Sugarmaking turns into big business

Featured

copyrigh the Chronicle April 6, 2016

by Elizabeth Trail

Sugarmaking has turned into big business in Vermont.

According to the U.S. Department of Agriculture, Vermont sugarmakers made 1.3 million gallons of syrup in 2015, more than double the 500,000 gallons produced in 2008.

A lot of the growth is from new technology – vacuum pumps that keep the sap flowing at continuous levels instead of starting and stopping with the weather, and reverse osmosis, a process that removes up to 75 percent of the water in the sap before boiling even begins, said Mark Isselhardt, a maple specialist at the University of Vermont’s Proctor Maple Research Center.

All of that efficiency means that sugarmakers can tap more trees.

But progress can come at a price.…To read the rest of this article, and all the Chronicle‘s stories, subscribe:

Print subscription

Annual online subscription

Short-term online subscription

(To find a particular article, search for the corresponding edition of the newspaper)

Share

Weak loonie cuts into Canadian travel and maple syrup prices

Featured

 

copyright the Chronicle February 24, 2016

by Nathalie Gagnon-Joseph

The increasingly weak Canadian dollar is affecting both U.S. business along the border and the price of maple syrup.

Between 2010 and 2014, the Canadian dollar’s value fluctuated right around $1 American. Since then, its value has steadily dropped, reaching a low point on January 20 of about 68 cents U.S., according to tradingeconomics.com.

Apparently, the Canadian dollar is tied to the price of oil because Canada exports a lot of it. Given that the price of oil is low, so is the loonie.

The Fédération des Producteurs Acéricoles du Québec (FPAQ) sets syrup prices in Canadian dollars, so when the loonie’s value goes down in American dollars, so does the price of syrup.

Quebec sugarmakers provide maple syrup for over 70 percent of the global market, the FPAQ website says.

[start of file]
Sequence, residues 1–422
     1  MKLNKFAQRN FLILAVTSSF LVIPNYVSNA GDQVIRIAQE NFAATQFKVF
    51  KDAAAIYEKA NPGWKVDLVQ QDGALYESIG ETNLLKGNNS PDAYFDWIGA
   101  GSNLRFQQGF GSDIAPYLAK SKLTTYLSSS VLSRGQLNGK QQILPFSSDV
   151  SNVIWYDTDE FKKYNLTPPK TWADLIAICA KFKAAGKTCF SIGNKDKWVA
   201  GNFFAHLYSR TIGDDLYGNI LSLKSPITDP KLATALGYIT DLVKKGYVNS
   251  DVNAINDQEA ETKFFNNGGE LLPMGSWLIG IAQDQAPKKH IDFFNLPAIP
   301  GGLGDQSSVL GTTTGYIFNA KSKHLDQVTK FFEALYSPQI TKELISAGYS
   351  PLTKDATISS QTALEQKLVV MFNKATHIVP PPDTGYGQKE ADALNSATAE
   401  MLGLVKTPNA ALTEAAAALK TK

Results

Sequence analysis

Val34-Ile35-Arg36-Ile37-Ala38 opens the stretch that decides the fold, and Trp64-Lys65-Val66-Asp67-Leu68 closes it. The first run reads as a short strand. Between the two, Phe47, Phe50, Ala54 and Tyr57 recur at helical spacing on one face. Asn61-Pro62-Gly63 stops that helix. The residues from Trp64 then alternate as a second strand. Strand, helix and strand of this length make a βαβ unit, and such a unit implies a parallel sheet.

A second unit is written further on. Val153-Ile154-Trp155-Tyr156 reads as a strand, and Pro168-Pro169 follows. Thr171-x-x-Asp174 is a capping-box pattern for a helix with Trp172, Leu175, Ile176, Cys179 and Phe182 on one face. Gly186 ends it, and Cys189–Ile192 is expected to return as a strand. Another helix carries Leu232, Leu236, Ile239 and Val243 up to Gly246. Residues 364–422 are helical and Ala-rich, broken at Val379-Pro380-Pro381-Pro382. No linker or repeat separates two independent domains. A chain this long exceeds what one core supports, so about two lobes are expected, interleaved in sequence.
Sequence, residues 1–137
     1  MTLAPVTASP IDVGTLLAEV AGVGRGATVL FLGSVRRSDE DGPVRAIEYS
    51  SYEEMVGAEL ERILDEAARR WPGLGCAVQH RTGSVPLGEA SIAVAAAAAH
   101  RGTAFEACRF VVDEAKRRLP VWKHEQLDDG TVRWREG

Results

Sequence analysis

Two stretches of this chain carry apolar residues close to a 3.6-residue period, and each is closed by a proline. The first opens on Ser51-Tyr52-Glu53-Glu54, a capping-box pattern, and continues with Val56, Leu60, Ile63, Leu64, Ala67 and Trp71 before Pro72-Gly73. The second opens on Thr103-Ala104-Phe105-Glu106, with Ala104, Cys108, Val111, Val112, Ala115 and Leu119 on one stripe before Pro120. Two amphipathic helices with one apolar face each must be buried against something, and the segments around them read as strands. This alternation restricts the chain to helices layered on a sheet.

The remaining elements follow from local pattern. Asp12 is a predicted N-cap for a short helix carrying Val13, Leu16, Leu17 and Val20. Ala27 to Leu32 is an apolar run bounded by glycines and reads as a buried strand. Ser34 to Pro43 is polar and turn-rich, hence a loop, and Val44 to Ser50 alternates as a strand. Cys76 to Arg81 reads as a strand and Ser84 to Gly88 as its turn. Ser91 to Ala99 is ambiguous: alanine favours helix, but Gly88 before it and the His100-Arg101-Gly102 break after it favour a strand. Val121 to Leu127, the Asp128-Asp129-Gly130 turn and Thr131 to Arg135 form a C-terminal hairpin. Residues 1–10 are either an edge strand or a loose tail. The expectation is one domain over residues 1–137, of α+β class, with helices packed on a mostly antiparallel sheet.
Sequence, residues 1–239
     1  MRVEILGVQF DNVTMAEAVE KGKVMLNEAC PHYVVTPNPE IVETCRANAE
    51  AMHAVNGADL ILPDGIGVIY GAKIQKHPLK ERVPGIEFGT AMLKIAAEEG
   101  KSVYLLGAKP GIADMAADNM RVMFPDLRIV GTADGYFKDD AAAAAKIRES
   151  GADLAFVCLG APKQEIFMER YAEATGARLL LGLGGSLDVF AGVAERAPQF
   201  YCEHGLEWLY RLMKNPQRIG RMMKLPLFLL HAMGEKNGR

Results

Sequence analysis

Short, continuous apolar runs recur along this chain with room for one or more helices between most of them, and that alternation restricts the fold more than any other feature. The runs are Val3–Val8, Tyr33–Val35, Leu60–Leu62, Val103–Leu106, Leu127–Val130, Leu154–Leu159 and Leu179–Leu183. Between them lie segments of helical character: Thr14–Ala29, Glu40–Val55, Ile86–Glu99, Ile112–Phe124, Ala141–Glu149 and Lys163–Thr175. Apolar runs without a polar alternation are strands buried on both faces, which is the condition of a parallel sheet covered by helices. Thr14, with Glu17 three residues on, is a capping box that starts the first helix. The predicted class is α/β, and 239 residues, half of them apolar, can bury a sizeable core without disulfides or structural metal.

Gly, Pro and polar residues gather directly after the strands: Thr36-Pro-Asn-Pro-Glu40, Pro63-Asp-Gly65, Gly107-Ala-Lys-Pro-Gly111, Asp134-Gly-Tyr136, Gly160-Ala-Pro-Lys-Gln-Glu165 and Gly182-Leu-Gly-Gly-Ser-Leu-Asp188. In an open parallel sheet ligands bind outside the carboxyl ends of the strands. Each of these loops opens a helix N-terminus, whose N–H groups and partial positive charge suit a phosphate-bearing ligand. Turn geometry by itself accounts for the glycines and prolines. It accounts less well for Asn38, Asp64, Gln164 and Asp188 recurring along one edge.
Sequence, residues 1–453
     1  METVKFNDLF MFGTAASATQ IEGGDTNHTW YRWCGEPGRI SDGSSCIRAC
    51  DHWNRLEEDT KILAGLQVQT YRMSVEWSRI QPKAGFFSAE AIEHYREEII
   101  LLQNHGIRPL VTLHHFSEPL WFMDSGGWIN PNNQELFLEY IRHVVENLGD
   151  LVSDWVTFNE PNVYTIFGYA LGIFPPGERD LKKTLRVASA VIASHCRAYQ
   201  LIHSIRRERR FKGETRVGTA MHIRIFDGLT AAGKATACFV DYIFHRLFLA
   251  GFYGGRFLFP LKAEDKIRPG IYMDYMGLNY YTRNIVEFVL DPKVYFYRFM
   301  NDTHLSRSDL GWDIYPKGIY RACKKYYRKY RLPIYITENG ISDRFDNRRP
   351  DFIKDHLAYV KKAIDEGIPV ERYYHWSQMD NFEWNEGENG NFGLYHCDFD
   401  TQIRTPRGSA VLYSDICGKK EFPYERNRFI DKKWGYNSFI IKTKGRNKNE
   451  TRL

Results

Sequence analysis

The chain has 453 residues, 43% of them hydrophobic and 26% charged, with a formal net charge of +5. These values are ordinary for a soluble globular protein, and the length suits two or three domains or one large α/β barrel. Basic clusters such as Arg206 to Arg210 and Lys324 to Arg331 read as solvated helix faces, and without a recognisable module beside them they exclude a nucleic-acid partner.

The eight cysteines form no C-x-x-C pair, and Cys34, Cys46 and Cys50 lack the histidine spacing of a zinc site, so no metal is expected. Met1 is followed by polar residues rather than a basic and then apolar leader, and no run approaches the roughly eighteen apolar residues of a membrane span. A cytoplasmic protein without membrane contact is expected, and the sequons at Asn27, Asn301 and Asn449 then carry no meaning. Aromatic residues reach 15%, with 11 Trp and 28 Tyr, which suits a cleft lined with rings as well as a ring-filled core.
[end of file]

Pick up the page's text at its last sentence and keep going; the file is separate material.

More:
Because there are so many of them, the price set for their product becomes the base price for… To read the rest of this article, and all the Chronicle‘s stories, subscribe:

Print subscription

Annual online subscription

Short-term online subscription

(To find a particular article, search for the corresponding edition of the newspaper.)

Share

Sugaring season was short

Featured

Alfred Carrier and his son, Alfred Carrier Jr., take a moment from sugaring to pose for a family photo.  The younger Mr. Carrier says that he has only missed one day of sugaring in the seven years since the family began making maple syrup.   Photos by Elizabeth Trail

Alfred Carrier and his son, Alfred Carrier Jr., take a moment from sugaring to pose for a family photo. The younger Mr. Carrier says that he has only missed one day of sugaring in the seven years since the family began making maple syrup. Photos by Elizabeth Trail

copyright the Chronicle April 29, 2015

by Elizabeth Trail

Alfred Carrier and his son Alfred Carrier Jr., were among the last people in Orleans County still making maple syrup this past weekend. Many local sugarmakers report that they quit boiling early last week.

Local sugarmakers say the season was nothing to brag about. While some made close to a regular crop, others said they made about half as much as normal. Sugarmakers who do not use vacuum had a particularly skimpy crop.

Asked how her season was, Janet Osborne in Island Pond said, “Horrid.”

Continue reading

Share

Vermont leads nation in sugarmaking again

Featured

Photo by Bethany M. Dunbar

Photo by Bethany M. Dunbar

copyright the Chronicle July 16, 2014 

by Natalie Hormilla

Vermont again led the nation in maple syrup production in 2014, according to a report by the United State Department of Agriculture’s (USDA) National Agricultural Statistics Service.

Vermont’s total production for this year was 1,320,000 gallons, about 42 percent of the total U.S. production of 3,167,000.

Continue reading

Share

Vermont sugarmakers turn to birch syrup

Featured

Darrell Bussino (left) and Bucky Shelton have started a new kind of sugaring venture.  They’re making birch syrup, which had a retail price last year of $78 a quart.  Photo by Jeremy Dean

Darrell Bussino (left) and Bucky Shelton have started a new kind of sugaring venture. They’re making birch syrup, which had a retail price last year of $78 a quart. Photo by Jeremy Dean

by Tena Starr

copyright the Chronicle April 30, 2014

GLOVER — A pair of Glover men may have found a new way to get money from trees — birch trees.

Longtime maple sugarmaker Bucky Shelton and a friend, Darrell Bussino, have teamed up and are making birch syrup. Its retail price is around $300 a gallon, and about the only significant source of it in the world, right now, is Alaska, which sells as much as it can make.

“It was an idea conceived by Darrell and I,” Mr. Shelton said on Monday. “He had an asset in some white birch, and I’d had this in the back of my mind.”

His daughter lives in Alaska, so he was aware of the birch syrup industry there, where he recently paid $20 for eight ounces at an Anchorage farmers market.

Continue reading

Share